D: Some nice spice punctuated a generous amount of chili atop my hamburger, hash browns and eggs, while cheese and onions added flavor and texture. As I was tearing up and mixing everything together, I finally saw what I had been waiting for: Emily’s fearful questioning of that first bite. She scrunched up her face and was clearly considering holding her nose on that first taste.

E: That is an egregious exaggeration. I would never hold my nose in public.

D: Why was I enjoying my wife’s torture so much? I guess because I knew it wouldn’t hurt her, but mostly because it was really funny.

E: I’ll admit it wasn’t as bad as I expected, but it does seem unfair that after all I’ve been through, two more of these breakfasts must also be consumed.

O.T. Hodge’s Chili Parlor
250 S. Florissant Road, Ferguson | 314.522.2020
Daily – 8:30 a.m. to 3 p.m. (Remains open till 8:30 p.m. on Fri.)

E: According to owner and manager Joe Schaumberger, O.T. Hodge’s has been selling slingers for more than 100 years, and I found myself begrudgingly looking forward to this version. After all, chili is literally the “icing” on the dish – and chili is O.T.’s specialty.

D: So then why was the dollop of chili on the slinger so small?! A slinger, if nothing else, is about excess. It’s a platter of food smothered in chili, mounds of cheese and onions. O.T. doesn’t seem to be celebrating the spirit of the slinger as it could or should. Oh sure, the foundation was fine, with two large burger patties, crunchy/fluffy hash browns and pleasant eggs, but then it pulled up lame. There was just a touch of the acclaimed chili, a sprinkle of onions and a dusting of cheese. Criminy, it’s a chili parlor and there was so little chili that its taste was only a distant accent to the dish.

E: Although I don’t necessarily consider a lack of chili on top a deficit, I have to admit that if I was an avid slinger-lover, I’d probably stick with Tiffany’s.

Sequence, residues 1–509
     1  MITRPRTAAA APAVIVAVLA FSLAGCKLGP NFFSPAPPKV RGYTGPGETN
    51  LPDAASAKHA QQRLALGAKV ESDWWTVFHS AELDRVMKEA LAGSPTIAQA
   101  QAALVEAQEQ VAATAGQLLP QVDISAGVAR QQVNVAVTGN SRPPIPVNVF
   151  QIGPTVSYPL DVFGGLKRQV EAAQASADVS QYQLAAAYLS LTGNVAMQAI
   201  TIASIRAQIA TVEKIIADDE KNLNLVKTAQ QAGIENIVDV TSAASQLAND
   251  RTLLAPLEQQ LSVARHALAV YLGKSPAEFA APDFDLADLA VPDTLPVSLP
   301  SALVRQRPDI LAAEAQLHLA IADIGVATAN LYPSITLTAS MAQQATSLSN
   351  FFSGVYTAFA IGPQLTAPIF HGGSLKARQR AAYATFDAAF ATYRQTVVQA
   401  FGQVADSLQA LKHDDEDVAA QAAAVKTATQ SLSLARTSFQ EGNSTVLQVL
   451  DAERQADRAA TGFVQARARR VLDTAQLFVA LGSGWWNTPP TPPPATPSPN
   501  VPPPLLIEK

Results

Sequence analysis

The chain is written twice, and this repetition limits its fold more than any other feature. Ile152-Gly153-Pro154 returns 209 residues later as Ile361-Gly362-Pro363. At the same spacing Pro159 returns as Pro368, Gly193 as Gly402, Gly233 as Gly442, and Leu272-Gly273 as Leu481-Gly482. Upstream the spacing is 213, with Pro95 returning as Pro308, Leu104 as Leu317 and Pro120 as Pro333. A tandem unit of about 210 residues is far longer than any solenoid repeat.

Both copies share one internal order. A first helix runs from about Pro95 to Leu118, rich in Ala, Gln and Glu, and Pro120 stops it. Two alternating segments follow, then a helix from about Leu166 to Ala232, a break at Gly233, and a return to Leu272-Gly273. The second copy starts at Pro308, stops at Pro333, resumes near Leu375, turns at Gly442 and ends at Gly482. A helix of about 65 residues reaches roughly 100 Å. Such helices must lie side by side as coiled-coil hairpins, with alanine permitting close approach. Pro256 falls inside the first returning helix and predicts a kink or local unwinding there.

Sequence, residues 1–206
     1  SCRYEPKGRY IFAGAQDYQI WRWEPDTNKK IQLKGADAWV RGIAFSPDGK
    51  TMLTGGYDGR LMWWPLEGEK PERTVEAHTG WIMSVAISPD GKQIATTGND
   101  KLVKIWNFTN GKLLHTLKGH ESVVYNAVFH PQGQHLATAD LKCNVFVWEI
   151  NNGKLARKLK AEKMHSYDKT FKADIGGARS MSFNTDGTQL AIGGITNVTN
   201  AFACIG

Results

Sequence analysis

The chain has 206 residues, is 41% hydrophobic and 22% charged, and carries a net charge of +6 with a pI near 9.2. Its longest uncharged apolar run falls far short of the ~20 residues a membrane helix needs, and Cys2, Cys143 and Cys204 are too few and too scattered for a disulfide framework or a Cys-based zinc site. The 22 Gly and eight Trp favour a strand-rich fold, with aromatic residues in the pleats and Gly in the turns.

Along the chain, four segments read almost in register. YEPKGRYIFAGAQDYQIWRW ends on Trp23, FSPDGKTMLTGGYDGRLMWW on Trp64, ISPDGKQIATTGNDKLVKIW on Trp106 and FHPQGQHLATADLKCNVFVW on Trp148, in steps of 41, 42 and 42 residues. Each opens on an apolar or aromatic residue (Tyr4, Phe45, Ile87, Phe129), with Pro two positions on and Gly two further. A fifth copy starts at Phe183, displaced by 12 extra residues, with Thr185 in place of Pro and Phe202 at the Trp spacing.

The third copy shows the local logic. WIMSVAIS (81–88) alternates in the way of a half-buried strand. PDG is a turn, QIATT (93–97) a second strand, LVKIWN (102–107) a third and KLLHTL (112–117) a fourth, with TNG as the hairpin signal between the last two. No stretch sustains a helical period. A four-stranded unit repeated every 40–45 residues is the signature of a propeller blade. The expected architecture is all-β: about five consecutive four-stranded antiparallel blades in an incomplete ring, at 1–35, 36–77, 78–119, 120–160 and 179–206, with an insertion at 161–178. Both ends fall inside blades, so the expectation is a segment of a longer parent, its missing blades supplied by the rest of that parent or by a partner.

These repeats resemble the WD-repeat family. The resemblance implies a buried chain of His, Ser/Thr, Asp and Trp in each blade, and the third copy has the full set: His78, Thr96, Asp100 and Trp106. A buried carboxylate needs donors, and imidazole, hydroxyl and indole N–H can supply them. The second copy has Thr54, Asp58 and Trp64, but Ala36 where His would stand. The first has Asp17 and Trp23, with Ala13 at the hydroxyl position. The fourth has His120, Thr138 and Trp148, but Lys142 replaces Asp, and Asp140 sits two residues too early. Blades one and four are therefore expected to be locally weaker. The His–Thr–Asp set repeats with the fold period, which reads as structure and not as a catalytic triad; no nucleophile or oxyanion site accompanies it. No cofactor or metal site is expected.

Eat-Rite Diner
622 Chouteau Ave., St. Louis | 314.621.9621
5513 S. Lindbergh Blvd., Affton | 314.842.1514
24/7 (Pictured above)

D: The Eat-Rite at Seventh and Chouteau is my home court, and I was excited to introduce our 2-year-old to what I consider the grande dame of the slinger world. (Now, before you call child services, he had pancakes – although, the amount of butter on those pancakes might just qualify as child endangerment.)

E: By this point, I felt confident placing my order and was prepared for the concoction placed in front of me. I had the presence of mind to notice the chili was on the mild side with more meat than beans, and that despite our request, shredded cheese was not served on top (it made its only appearance under the chili and eggs) although a generous helping of sliced onions was. Butter was slathered on our toast in true diner fashion.

D: What can I say? It was as I always remembered, just a wonderful mess of a dish that somewhat resembles a chunky chili stew when I’m done slicing and dicing. Yellow and brown and golden and orange and white and delicious. Emily may be elated that this is the end of the road, but I’m sad that we can’t hit all the other wonderful places that have contributed to making St. Louis “Slinger City USA.”